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It is a common misperception that successful entrepreneurs have to hit upon an original idea. Lourdes Pinillos Delgado, a Peruvian who completed a masters in international management at Spain’s IE Business School, focused on what most lionised founders actually do and created a business that imitated a proven business model.
“I always liked the idea of launching a business,” explains Pinillos Delgado, who started researching start-up stories, funding options and new business trends long before graduating from IE in 2009.
She cites her husband, also an IE alumnus, as an inspiration, having launched his own start-up in Peru after completing the MBA programme.
It was after returning to Peru from her own studies that Pinillos Delgado read an article on Birchbox, a subscription-funded ecommerce platform started in the US and extended to the UK, whose customers can try new beauty products and share their thoughts online.
The New York-based start-up has raised $71.9m since it was founded in 2010 and has created partnerships with cosmetics brands such as Kiehl’s, Benefit and Stila. The idea struck a chord with Pinillos Delgado and she shared it with a couple of friends. They all agreed they would sign up to such a service if it was available where they lived, so they set about researching the idea among a sample of 300 Peruvian women.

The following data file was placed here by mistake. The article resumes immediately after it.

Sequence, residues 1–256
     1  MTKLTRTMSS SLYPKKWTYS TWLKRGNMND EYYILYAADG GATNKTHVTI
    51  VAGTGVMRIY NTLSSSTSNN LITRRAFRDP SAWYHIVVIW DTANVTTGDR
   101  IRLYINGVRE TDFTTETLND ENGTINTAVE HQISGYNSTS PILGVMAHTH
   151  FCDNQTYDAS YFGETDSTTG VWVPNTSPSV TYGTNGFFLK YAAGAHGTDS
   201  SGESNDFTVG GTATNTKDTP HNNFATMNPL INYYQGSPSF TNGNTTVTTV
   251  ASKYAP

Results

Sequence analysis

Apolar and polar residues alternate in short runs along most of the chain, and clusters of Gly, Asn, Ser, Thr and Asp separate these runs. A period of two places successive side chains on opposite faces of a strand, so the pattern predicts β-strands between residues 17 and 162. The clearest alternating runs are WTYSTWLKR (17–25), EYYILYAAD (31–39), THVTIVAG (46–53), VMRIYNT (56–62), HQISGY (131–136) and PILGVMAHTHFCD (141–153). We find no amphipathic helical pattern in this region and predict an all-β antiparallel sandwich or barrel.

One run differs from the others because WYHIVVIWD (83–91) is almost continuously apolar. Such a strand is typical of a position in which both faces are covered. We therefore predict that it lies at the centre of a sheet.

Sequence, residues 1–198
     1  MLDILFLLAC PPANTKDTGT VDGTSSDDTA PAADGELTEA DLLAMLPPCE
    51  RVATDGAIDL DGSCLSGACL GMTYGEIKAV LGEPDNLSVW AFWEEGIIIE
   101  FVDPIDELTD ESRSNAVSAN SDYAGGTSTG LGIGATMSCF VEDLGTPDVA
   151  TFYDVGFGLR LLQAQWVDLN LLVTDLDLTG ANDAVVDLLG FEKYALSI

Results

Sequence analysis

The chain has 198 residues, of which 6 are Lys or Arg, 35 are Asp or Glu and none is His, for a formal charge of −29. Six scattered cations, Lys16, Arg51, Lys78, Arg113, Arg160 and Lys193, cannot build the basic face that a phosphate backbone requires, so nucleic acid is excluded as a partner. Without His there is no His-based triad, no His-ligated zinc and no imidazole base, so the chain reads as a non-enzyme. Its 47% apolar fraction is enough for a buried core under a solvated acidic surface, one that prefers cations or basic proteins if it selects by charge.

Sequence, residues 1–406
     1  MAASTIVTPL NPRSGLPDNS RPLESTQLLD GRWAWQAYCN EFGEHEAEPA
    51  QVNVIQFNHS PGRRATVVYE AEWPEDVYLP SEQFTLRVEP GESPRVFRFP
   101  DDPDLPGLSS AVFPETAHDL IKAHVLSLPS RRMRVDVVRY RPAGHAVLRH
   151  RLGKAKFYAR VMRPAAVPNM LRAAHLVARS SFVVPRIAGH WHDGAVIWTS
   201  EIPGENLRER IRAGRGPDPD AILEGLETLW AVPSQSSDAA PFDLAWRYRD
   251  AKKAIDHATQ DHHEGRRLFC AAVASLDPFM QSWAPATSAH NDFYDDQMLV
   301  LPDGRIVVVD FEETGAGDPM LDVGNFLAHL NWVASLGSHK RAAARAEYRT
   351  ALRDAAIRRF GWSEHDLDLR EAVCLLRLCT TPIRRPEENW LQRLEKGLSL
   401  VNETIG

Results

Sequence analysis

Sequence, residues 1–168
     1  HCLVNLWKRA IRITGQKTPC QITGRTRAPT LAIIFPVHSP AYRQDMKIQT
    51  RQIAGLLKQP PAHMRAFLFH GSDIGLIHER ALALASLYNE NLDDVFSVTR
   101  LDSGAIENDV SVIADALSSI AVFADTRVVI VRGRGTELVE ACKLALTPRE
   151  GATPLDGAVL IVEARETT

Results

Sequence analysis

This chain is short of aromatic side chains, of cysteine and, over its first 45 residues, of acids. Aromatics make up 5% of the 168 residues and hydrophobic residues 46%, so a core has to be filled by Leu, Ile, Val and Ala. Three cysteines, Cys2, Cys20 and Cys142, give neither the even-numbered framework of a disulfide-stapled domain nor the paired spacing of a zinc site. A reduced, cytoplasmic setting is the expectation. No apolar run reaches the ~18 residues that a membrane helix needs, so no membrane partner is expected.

This added further weight to the argument. Of those questioned, 70 per cent said they would pay to test a beauty product and 75 per cent would buy an item online, especially if they could test it or read reviews.
“The results were more positive than we thought,” she says, and it was not long before DeluxeBox.pe was born.
Pinillos Delgado’s business lets women try new products through a “discovery” subscription, buy beauty products from well-known brands and be part of an online community that shares reviews. For the cosmetics brands, DeluxeBox brings new customers through the online recommendations and endorsements.
“We wanted to come up with an idea that could work in Peru and the region, that was scalable and that could fit with our personal interests,” says Pinillos Delgado, who quit as a finance manager at accountancy firm EY to focus on the business full time. “We wanted to feel excited about it, and that happens when you do something you love.”
She says her time at IE helped open her eyes to different business models from a variety of countries. “IE is very focused on entrepreneurship through all the curricula and activities, so it switched on my entrepreneurial bug and made me think more seriously about launching a start-up,” she says.
“Team-building in a multicultural space, faculty coming from different backgrounds and countries, and participating in a very diverse environment really helped me develop soft skills and foster leadership abilities I [have since] used after the masters in my start-up and in my life in general.”